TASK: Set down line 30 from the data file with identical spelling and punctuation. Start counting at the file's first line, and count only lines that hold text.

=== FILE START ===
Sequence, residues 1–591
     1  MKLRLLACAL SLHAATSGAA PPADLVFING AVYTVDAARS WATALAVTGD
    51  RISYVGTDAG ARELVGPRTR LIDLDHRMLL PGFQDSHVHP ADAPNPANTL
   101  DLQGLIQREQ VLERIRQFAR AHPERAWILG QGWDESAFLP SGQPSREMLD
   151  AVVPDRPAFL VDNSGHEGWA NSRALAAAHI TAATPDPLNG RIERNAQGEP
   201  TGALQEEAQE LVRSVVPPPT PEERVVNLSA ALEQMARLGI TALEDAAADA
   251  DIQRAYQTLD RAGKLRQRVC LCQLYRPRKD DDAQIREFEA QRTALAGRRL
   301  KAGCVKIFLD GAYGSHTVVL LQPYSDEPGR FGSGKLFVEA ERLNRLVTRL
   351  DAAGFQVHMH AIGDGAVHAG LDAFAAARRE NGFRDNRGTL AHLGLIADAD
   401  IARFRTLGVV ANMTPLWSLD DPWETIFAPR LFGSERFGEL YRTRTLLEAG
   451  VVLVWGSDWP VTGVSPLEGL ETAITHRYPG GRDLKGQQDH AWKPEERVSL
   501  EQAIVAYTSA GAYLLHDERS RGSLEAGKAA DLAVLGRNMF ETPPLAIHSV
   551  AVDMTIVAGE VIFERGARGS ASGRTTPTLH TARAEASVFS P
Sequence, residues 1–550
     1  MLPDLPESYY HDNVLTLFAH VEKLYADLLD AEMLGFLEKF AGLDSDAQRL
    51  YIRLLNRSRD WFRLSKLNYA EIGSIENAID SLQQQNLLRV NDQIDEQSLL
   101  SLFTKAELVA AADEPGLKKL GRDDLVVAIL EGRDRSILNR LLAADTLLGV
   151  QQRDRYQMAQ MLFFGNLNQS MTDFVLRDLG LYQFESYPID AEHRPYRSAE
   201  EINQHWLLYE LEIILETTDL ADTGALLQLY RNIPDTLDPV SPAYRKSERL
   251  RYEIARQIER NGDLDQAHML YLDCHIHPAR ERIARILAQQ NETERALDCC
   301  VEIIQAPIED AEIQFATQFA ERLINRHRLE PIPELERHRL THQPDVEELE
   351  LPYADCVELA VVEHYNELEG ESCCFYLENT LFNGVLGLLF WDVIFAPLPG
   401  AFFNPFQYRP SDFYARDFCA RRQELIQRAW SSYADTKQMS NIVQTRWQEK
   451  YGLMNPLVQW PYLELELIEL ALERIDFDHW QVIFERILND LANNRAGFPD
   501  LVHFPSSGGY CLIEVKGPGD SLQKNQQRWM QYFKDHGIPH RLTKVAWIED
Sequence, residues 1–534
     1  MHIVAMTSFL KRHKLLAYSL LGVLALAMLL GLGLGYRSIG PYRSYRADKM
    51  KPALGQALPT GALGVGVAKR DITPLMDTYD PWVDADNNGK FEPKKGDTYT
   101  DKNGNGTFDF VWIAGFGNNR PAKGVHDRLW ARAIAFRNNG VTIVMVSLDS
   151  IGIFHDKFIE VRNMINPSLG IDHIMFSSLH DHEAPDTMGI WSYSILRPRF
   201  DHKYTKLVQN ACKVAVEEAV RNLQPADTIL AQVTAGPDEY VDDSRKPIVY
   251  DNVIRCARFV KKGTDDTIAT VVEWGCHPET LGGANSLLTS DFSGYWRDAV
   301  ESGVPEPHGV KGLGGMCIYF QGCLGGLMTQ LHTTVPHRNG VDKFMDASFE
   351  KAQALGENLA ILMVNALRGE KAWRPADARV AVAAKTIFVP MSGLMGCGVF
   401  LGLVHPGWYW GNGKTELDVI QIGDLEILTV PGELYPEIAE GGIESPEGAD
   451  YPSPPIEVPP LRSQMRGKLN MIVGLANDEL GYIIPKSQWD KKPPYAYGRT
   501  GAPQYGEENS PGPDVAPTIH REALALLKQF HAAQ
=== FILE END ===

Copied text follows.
   151  IGIFHDKFIE VRNMINPSLG IDHIMFSSLH DHEAPDTMGI WSYSILRPRF